In Ruili’s Jiegao Jade Wholesale Market, the price of jade can swing wildly.
One reason is plain hustling. Jade wholesalers who have carved out a living along Yunnan’s border with Myanmar (also known as Burma) aren’t above fleecing someone who doesn’t know their rocks.
Haggling, of course, is part of the game. Inspect the goods carefully. If the seller thinks you’re a novice in the trade, the starting price might jump from 60 to 60,000 yuan (US$9 to US$9,100).
The other reason is a bit more sinister, in a macro sense.
Myanmar’s jade industry is concentrated in Hpakant, a town in the resource-rich northern state of Kachin, the source of some of the world’s best jade.
It is a place where remote mining operations bring wealth and opportunity—but only to the few who are at the apex of the pyramid.
Jade miners work in extremely dangerous conditions, within an industry that sees practically no regulation and mine ownership is masked.
The lack of safety measures is a perpetual issue. Last November, a landslide killed 90 people at a Kachin jade mine.
Combine all of that with the ceaseless ethnic strife between the 8,000-strong Kachin Independence Army and the largely Bamar central government—the jade industry generates sizable revenue for both sides in the conflict—and Hpakant becomes a huge blind spot where business and thuggery exist side by side.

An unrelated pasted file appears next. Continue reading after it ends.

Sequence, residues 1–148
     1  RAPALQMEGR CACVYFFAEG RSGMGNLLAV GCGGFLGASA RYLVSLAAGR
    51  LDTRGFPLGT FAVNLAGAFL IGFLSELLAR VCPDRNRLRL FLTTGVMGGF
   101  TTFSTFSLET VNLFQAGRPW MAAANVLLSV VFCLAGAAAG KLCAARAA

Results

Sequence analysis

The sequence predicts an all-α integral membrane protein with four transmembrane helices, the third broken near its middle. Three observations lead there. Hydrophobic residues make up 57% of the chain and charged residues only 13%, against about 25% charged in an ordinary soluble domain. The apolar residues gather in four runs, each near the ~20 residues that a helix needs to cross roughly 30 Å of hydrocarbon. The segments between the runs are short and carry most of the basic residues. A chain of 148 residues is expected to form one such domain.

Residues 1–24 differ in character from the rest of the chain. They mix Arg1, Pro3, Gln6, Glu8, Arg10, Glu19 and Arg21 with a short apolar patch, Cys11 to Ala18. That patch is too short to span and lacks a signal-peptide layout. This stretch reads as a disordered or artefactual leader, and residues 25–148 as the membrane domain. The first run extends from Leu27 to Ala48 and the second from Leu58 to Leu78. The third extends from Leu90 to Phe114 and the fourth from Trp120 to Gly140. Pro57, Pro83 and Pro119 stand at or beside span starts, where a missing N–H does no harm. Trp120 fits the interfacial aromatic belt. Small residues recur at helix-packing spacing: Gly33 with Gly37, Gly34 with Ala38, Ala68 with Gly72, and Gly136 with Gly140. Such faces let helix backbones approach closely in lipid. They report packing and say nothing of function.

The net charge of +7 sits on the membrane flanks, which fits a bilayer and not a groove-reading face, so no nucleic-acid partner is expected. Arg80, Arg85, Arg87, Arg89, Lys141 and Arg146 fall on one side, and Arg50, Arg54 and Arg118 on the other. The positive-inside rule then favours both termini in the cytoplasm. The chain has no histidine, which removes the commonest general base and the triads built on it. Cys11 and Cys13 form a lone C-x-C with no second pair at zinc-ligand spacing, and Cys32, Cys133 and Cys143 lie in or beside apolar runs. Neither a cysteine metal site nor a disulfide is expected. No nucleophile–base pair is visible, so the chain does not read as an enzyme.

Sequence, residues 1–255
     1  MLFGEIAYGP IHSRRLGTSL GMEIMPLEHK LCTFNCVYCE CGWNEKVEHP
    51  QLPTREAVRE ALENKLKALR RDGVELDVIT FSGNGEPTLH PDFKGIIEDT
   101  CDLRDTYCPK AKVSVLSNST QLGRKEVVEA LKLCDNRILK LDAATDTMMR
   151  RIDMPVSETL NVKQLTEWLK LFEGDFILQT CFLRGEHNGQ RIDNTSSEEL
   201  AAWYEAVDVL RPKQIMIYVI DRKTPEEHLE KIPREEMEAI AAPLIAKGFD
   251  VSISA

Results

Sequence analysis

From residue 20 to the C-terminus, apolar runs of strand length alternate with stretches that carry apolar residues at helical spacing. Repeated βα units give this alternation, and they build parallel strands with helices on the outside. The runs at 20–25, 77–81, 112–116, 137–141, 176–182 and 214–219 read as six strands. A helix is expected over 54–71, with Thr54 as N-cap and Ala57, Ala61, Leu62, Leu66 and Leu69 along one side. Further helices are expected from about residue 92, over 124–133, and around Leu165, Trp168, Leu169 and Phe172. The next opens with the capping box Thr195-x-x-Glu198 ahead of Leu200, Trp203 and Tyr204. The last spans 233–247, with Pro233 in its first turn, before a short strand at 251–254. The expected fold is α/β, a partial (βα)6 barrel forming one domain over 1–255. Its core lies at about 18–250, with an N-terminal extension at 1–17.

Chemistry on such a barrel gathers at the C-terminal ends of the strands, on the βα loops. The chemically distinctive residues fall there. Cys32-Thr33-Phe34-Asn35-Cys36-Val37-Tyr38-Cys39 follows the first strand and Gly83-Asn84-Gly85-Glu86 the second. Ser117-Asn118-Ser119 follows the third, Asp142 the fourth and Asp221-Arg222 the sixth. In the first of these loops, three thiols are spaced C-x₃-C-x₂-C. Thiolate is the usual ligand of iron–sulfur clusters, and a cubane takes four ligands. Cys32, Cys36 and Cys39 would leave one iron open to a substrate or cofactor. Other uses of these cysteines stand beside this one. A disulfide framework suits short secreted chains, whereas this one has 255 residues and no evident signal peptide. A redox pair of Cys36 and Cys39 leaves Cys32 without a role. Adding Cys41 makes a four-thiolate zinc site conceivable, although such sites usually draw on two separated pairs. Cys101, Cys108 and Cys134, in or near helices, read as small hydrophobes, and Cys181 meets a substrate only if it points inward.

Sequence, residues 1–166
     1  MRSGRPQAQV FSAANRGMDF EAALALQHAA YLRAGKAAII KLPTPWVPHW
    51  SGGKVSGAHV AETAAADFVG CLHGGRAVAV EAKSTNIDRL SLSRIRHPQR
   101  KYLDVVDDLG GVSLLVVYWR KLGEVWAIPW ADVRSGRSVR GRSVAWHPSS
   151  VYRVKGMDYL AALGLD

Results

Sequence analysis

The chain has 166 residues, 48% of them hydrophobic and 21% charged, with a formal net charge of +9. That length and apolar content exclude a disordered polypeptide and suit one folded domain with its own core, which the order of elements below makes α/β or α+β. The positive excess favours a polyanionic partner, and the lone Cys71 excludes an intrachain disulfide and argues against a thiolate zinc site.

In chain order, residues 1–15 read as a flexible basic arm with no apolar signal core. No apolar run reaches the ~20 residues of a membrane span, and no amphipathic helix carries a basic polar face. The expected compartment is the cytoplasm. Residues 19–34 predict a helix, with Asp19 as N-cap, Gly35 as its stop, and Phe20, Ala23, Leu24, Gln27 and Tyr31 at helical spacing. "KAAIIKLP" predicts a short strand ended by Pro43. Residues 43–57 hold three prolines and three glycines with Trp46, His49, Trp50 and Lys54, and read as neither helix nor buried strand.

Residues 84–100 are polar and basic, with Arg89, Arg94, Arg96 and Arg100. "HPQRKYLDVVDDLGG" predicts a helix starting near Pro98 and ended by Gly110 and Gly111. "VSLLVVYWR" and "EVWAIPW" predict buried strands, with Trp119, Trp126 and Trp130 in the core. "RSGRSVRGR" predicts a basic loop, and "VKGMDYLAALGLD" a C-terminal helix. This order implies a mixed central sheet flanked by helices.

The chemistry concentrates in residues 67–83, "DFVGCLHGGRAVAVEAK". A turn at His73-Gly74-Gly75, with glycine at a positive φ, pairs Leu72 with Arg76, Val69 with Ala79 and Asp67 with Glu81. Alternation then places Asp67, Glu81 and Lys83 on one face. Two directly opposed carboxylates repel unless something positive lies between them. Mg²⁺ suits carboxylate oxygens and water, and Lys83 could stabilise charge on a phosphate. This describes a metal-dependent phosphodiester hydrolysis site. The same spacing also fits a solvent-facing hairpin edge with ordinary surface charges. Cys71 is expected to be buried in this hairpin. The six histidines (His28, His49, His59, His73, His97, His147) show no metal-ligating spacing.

Some say that Myanmar is running out of jade. Other merchants murmur that the generals and ministers involved in the jade trade are hoarding rocks to manipulate prices.
Whether any of that is true is anyone’s guess, but the uncertainty of supply impacts wholesale prices, which in turn causes major ripples in the retail jade markets of China and Hong Kong.
In the final three quarters of 2013, Myanmar’s Ministry of National Planning and Economic Development reported US$920 million in the nation’s jade export earnings, but a special report by Reuters provided a conservative estimation that the country’s jade trade is worth billions of US dollars.
A report published by Global Witness, an advocacy group, said the country generated US$31 billion worth of jade in 2014. That is about half the GDP of the entire country. However, practically none of that money ends up in state coffers or is spent on the citizens.
The best jade mines in Myanmar are controlled by the elite class, and the miners are often drug addicts. Yaba, a cheap form of meth, whips up their systems to work long hours in harsh conditions. In shooting alleys, heroin numbs the pain in their bodies after extended shifts.
Most of the country’s jade is hauled or trucked into China and ends up on the black market, where it is cut, carved, polished, and then sold as prime jewelry.
Every dollar and yuan spent on Myanmar jade, no matter where it is bought, funds an extremely ugly industry, one so entangled with the drug trade that syringes are used in place of spare change.
Shops selling Myanmar jade are all over Hong Kong, and receive no shortage of foot traffic.
But if you happen to be in one of those stores, and you happen to see a piece that you like, and you happen to pick it up and try it on and decide that it looks good on you, think about this: Is owning that green stone really worth lining the pockets of men who have devastated a nation’s economy, who strip public land for their personal gain?
Is it worth pushing a needle into the raised vein of a peasant whose only recourse is to please cruel men?
Myanmar jade might look harmless. It doesn’t have the same blood stains as ivory or rhino horn. Beyond the polished surfaces that have captivated Chinese imaginations for centuries, the path on which jade travels from mine to market is nothing less than painful and brutal.
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